Can you remember how you found out?
I was on a job when the customer got a phone call to say that there had been “another big quake” in Christchurch. I remember not flinching much at the time as we had “survived” one already. The news of aftershocks had been an almost daily occurrence for months and you end up quite desensitised.
Customers weren’t so calm. Their adult daughter worked in central Christchurch – smack bang in the middle of what would eventually be called “The Red Zone”.
And, of course, the phone network was completely overloaded.
The television went on and we sat aghast looking at the aftermath, while trying to contact various people. Over time, we got enough messages through and back to know that at least our friends and family were OK.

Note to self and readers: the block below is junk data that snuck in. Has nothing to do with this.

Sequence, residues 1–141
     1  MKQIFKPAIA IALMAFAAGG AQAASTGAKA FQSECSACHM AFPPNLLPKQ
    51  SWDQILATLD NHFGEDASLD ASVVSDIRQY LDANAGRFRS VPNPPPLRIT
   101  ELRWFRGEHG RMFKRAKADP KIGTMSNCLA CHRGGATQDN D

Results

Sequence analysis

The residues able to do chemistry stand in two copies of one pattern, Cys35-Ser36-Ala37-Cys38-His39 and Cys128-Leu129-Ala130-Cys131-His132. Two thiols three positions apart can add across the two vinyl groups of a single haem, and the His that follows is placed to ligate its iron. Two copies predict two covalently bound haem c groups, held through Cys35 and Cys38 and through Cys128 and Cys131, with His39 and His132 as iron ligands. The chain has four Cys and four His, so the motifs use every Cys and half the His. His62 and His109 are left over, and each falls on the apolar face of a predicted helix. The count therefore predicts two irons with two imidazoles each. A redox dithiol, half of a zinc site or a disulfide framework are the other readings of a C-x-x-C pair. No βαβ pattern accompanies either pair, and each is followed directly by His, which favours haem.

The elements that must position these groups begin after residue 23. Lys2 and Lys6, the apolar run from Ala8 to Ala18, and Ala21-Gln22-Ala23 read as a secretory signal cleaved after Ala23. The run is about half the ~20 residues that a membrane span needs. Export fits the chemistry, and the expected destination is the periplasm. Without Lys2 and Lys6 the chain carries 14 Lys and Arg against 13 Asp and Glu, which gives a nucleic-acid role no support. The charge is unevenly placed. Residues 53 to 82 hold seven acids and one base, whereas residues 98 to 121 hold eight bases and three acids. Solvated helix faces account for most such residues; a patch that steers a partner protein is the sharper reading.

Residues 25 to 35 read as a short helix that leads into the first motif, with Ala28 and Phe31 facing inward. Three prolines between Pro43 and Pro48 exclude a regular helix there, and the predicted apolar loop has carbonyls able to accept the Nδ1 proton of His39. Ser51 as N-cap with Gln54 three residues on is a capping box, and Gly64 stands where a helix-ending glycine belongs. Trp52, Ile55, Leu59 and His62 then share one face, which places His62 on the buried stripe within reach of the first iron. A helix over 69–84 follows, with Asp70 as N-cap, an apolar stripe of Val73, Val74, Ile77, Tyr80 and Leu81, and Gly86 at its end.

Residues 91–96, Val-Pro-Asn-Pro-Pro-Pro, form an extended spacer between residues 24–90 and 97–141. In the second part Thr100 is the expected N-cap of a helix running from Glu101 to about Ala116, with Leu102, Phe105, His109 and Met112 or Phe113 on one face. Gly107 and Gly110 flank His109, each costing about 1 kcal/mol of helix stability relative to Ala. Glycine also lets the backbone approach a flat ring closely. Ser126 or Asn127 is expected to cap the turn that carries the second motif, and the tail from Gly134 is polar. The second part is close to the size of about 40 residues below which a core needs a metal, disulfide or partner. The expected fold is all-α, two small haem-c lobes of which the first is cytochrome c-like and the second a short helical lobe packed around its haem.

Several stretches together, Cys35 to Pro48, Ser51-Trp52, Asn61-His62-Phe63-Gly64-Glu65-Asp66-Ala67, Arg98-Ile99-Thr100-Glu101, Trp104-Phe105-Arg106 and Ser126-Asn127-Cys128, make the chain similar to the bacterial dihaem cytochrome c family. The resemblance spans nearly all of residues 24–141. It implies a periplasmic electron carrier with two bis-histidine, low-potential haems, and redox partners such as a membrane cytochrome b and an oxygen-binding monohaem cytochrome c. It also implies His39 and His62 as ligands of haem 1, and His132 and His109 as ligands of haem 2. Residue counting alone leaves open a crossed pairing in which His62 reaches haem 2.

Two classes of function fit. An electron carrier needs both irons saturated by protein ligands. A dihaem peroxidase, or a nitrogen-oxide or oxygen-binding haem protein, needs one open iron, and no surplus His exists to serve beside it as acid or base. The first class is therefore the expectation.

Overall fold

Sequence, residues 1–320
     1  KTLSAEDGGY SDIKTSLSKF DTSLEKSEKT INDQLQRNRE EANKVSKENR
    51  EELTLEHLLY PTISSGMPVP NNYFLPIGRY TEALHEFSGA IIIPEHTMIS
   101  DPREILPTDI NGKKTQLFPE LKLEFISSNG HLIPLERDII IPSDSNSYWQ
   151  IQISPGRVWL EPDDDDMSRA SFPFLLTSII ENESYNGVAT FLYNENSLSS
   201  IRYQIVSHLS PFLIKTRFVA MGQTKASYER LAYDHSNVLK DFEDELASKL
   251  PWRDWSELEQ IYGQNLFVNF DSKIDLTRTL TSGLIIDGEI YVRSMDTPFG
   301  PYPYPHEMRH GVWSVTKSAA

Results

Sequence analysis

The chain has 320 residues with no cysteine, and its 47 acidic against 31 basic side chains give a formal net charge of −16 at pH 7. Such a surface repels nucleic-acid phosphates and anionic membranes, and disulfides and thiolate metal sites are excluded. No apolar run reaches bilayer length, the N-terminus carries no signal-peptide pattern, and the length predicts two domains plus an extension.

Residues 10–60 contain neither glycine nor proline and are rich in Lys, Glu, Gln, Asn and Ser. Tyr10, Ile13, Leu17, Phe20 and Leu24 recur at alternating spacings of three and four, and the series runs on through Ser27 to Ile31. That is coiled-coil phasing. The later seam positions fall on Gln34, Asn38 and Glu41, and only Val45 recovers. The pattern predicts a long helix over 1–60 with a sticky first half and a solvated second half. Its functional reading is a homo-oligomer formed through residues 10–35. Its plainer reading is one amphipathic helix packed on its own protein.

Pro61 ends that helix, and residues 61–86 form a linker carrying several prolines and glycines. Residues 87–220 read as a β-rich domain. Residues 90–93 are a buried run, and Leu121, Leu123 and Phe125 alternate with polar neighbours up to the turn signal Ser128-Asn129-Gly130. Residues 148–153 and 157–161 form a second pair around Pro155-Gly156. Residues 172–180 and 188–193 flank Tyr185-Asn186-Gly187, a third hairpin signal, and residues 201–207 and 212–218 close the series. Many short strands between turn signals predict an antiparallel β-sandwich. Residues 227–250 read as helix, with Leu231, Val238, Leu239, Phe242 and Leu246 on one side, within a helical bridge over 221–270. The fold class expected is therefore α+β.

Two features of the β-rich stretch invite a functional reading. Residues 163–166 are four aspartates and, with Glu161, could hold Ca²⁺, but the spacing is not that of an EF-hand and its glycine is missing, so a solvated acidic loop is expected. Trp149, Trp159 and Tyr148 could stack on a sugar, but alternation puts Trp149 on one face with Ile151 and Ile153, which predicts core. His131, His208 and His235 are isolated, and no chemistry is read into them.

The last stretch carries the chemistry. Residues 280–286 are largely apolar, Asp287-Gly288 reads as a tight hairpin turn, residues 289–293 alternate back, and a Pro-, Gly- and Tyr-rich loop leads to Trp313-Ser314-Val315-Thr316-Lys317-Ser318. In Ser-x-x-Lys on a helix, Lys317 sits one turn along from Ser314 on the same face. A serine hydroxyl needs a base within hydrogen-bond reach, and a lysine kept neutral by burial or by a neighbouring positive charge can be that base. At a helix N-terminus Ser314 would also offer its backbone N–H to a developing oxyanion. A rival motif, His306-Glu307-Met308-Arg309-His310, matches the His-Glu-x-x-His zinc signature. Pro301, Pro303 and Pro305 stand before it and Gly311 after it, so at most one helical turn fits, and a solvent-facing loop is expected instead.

It was a strange mixture of emotions. Me, calm, because all the people I knew in Christchurch were fine. Customers were on edge. 30 minutes had passed and still we hadn’t been able to get word about her daughter. We watched TV coverage of the central Christchurch CBD with collapsed buildings just a few streets away from where she worked in a multi-story building.
I recall the deep disgust I felt for some reporters on TV who were unable to hide their visceral delight at being able to report on such a big story. The occasion called for gravitas, but in their lives, especially those who were patched live over the world to the BBC and CNN, they were unable to suppress their excitement and naked joy.
Not long after we managed to contact someone who had heard of the daughter post-quake, and knew she was alright. Traffic was gridlocked and comms were out. It would be a few hours still before they could actually talk to each other for the first time. Read more »